FIG. 5 shows how the characteristic curve shifted as a result of the NdFeB magnetic material which was screen printed at two opposite sides of the Co square. Although not shown each soft magnetic element was biased by varying amounts which enabled information to be encoded onto the tag as described in IBM's U.S. Pat. Nos. 5,729,201/5,831,532.
  • [0047]
    An alternative approach to biasing the soft magnetic material in the “IBM” type tag is to use a graded hard magnet (i.e. a magnet that has different magnetic properties along its length) as the layer beneath the soft material.
  • [0048]
    Since magnets can change their properties on annealing a graded magnet can be fabricated by applying different heat treatments to different regions of a magnet.
  • [0049]
    FIG. 6 shows a heating element 3 at one end of a magnet 4. The heating subjected the magnet to different, decreasing annealing temperatures along its length and therefore correspondingly the final magnet had different magnetic properties along its length, i.e. a graded magnet was formed. It will be appreciated by the skilled man that the annealing temperatures could be more precisely controlled by using discrete heating elements or lasers along the length of the magnet in order to give localised heating up to a certain temperature and to therefore produce a more defined graded magnetic element.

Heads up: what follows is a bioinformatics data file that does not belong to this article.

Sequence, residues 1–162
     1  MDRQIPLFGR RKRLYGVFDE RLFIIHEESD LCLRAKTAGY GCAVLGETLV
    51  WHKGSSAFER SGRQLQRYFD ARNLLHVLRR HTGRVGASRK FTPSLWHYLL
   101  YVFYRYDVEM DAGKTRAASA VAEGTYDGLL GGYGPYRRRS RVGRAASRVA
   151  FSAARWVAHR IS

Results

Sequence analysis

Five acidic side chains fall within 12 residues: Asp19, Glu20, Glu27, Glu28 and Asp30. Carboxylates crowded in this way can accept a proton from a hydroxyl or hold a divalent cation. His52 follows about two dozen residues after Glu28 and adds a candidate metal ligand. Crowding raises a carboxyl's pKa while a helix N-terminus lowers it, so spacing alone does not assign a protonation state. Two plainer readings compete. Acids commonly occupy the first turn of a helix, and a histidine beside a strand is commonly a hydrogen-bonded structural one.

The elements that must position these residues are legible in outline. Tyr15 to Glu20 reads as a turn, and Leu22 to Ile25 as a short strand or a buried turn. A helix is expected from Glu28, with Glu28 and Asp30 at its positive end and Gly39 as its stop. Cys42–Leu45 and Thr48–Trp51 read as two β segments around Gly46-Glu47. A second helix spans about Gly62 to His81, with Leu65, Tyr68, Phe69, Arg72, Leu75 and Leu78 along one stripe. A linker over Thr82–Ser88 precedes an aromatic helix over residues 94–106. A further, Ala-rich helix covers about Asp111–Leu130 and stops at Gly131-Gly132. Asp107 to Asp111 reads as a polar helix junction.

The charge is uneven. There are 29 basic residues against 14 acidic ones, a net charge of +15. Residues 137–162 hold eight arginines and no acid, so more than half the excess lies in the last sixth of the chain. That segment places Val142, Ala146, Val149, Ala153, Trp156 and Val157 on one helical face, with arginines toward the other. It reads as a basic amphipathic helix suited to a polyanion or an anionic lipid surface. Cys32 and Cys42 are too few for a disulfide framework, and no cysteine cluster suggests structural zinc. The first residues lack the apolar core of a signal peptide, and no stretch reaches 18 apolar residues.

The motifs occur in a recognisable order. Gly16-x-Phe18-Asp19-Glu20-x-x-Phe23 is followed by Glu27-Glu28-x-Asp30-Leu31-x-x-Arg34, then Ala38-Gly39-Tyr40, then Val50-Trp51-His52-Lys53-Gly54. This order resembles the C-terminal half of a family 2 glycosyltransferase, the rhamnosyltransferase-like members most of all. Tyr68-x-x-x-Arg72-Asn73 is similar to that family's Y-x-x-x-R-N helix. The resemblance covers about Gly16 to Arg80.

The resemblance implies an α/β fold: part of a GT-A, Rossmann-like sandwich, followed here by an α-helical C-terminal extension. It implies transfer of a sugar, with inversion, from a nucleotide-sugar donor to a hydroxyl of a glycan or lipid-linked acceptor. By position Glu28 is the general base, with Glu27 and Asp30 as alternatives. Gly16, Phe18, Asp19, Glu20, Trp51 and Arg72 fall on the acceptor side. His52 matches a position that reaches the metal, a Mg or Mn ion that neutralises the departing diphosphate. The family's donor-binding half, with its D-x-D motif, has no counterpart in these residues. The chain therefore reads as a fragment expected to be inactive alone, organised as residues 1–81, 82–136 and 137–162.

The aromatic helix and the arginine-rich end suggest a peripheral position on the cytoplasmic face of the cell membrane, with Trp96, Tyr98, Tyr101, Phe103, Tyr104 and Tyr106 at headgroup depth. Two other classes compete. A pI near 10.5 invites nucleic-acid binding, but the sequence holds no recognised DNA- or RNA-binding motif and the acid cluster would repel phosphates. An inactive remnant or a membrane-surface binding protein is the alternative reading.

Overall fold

• [0050]
    Soft magnetic material was deposited on top of the graded hard magnet by the electroless deposition method described above. In order to encode information onto the tag the graded magnet was taken through a number of different magnetising field histories (see FIG. 6) in order to build up the desired filed profile along its length.
  • [0051]
    FIG. 6 depicts the “writing” or encoding process for the magnetic tag. The hard/soft magnetic tag was subjected to an external magnetic field. As the field cycles were taken up to a maximum field of A all the graded elements within the hard magnetic substrate pointed in the direction of the external field as they had all been saturated.
  • [0052]